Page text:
Trump legacy leaves scars

No matter what happens to Donald J. Trump and his political future, the individual’s legacy is going to leave lasting scars and wounds across the landscape.

The scars remain in the millions of destroyed friendships his presence on the political scene has inflicted.

I know of what I speak. I have lost some friends over the past five years because of disagreements over Trump’s “contributions” to American life. I blame Trump for that.

It sickens me terribly to admit these relationships have been torn asunder because of disagreements over policy. Except that Trump brings out the worst in many of us. I count myself as a casualty.

Even during the Watergate scandal of the 1970s, I maintained friendships through serious disagreements about President Nixon’s role in that hideous crisis. Of course, there was no such thing as “social media” in those days. We relied on TV and radio and printed media in the form of newspapers and magazines. These days, the communication is instantaneous, and it allows those of us to say things without giving our remarks a first– let alone a second — thought before speaking out.

Trump has mastered the manipulation of social media to the extent that he knows the impact he has on people’s relationships.

What troubles me the most is that some of these severed relationships — not many, mind you, but a few of them — involve people with whom I have been friends. Others, though, have involved individuals with whom I have casual contact, or who I have known only through social media. If they decide they dislike my world view and my loathing of Trump, they’re free to go their own way. I have done the same thing.

Many relationships have remained intact, largely because we don’t discuss politics when we’re in each other’s presence.

It’s the actual friendships lost that I mourn.

For that I will not forgive the source of that loss.

Damn you, Donald Trump!

The winds of media change keep blowing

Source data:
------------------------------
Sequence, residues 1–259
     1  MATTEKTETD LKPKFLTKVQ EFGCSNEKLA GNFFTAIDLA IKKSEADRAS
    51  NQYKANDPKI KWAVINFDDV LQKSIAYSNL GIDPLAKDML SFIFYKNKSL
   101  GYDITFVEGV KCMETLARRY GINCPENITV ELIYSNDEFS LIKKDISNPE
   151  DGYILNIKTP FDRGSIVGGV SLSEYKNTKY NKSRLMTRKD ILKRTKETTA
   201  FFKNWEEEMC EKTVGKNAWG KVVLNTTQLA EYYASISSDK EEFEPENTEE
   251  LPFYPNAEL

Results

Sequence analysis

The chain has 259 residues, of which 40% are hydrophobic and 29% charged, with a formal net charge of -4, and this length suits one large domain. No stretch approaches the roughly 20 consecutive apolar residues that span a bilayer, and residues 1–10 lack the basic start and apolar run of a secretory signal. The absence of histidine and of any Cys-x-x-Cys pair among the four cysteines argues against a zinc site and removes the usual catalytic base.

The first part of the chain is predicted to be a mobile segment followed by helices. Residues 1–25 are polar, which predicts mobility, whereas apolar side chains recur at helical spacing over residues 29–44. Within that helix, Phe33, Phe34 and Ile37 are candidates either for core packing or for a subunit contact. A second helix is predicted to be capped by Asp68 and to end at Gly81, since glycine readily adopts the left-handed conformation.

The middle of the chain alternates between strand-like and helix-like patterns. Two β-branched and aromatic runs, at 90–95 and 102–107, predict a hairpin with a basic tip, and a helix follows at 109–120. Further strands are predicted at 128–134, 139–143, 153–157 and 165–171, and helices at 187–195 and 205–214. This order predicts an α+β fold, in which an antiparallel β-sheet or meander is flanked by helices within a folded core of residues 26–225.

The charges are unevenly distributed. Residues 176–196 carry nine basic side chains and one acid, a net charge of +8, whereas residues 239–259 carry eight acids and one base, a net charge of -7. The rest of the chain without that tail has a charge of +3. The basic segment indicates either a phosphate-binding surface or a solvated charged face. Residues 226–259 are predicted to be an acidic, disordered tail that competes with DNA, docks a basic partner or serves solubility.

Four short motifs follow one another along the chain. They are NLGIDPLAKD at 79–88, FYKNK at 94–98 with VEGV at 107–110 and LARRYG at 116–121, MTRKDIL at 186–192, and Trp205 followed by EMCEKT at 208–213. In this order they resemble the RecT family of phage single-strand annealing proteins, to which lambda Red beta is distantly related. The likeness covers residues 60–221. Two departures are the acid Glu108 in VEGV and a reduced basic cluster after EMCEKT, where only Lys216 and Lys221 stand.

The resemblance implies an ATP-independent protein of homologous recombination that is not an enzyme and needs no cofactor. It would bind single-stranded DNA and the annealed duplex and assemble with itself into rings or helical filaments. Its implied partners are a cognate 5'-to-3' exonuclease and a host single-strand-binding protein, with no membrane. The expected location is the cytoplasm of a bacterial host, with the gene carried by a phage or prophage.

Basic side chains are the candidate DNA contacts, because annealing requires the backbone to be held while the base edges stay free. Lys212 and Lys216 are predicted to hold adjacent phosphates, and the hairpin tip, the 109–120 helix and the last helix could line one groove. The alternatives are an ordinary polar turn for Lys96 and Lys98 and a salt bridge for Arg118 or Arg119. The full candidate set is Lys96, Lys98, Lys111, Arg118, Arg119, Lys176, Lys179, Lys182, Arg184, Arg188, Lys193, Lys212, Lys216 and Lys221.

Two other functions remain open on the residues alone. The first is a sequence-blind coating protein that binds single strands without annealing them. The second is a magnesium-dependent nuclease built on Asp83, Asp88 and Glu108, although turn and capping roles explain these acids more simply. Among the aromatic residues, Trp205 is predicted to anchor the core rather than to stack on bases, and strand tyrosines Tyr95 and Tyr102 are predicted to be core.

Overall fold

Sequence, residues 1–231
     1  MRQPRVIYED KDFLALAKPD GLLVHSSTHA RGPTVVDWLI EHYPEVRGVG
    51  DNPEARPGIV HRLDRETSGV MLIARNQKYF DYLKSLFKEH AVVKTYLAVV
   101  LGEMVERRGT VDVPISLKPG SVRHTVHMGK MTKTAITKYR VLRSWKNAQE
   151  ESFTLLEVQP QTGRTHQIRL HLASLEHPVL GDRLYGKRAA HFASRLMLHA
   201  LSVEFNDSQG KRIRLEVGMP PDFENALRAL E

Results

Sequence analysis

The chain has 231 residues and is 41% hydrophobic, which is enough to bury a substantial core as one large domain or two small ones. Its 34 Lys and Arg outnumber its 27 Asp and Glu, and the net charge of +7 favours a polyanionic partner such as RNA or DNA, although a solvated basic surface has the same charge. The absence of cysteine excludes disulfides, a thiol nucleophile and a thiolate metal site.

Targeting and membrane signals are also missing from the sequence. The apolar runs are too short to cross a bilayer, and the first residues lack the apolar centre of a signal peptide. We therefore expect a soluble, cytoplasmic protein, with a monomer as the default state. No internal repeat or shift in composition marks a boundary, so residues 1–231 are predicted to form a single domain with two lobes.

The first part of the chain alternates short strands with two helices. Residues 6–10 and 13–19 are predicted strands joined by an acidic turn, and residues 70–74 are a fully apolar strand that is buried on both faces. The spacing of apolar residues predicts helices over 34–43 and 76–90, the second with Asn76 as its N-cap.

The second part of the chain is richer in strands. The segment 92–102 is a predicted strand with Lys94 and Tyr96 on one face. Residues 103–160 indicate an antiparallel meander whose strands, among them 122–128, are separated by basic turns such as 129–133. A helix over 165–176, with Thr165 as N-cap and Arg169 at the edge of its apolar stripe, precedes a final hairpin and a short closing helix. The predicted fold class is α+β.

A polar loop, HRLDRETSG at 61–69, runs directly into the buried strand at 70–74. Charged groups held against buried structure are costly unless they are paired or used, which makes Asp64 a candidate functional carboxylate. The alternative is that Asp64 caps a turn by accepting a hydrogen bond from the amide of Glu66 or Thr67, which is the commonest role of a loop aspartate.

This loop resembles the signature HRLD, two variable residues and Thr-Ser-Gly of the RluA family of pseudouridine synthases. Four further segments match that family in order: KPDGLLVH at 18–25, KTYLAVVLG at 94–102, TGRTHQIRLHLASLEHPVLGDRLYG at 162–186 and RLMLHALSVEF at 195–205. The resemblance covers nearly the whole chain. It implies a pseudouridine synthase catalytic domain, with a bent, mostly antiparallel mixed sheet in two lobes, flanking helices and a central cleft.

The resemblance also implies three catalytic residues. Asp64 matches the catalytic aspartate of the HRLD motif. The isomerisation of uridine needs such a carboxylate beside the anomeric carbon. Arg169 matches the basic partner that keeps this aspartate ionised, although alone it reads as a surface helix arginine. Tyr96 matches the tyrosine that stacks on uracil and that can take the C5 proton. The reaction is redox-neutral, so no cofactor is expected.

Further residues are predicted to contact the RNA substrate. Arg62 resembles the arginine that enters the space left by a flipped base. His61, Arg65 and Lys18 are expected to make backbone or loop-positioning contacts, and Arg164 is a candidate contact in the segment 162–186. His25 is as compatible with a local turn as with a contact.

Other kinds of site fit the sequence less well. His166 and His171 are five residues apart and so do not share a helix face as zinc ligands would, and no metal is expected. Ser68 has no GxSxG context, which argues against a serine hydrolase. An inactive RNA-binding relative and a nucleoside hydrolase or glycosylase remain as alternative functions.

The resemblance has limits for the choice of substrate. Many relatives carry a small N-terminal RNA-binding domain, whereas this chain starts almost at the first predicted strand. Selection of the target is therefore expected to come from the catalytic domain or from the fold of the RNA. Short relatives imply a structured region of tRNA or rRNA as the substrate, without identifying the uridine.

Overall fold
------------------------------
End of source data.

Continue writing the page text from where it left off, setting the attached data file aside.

This bit of news from the Texas Panhandle hit me like a punch in the gut. It comes from the company that owns the newspaper where my daily journalism career came to a screeching halt nearly a decade ago.

The Amarillo Globe-News is ending its daily page of opinion. It will run that form of community journalism one day each week: Sunday only, man! I want to emphasize the term “community journalism” for a reason you’ll notice in just a moment as you finish reading this post.

The newspaper announced it today. The statement includes this item: This comes as we make a more concerted effort to re-invest in local journalism, with the recent addition of a reporter dedicated to covering breaking news and trends along with agriculture and West Texas environmental issues.

It wants to “re-invest in local journalism.” What that statement tells me is that dodo birds who run the newspaper place little “local journalism” value one editorials. That is a terrible shame.

You see, there once was a time when communities relied on opinion pages to lead them, to provide some form of wisdom, to offer talking points, if not outright ideas for solving community issues.

Those days appear to have been cast aside.

Read the entire statement here: Amarillo Globe-News shifts to Sunday-only opinion section, re-invests in local news – Amarillo Globe-News (

I wrote opinion pieces and edited opinion pages for the bulk of my 30-plus-year career in daily journalism. That is why this news hurts, why it cuts me to the quick.

You can spare me the lecture about how “this is the national trend” and that “the Internet has changed everything.” Man, I know all that.

There once was a time, not many years before I got reorganized out of my job as opinion page editor at the Globe-News, when I made a concerted effort to limit all of our editorial commentary to local and state affairs. That was our contribution to furthering the cause of community journalism to a region that still sought leadership from the newspaper.

It now appears that people who did that job for the communities they served — as I did with great joy and commitment — have been placed on an endangered species list.


Quick to criticize, slow to praise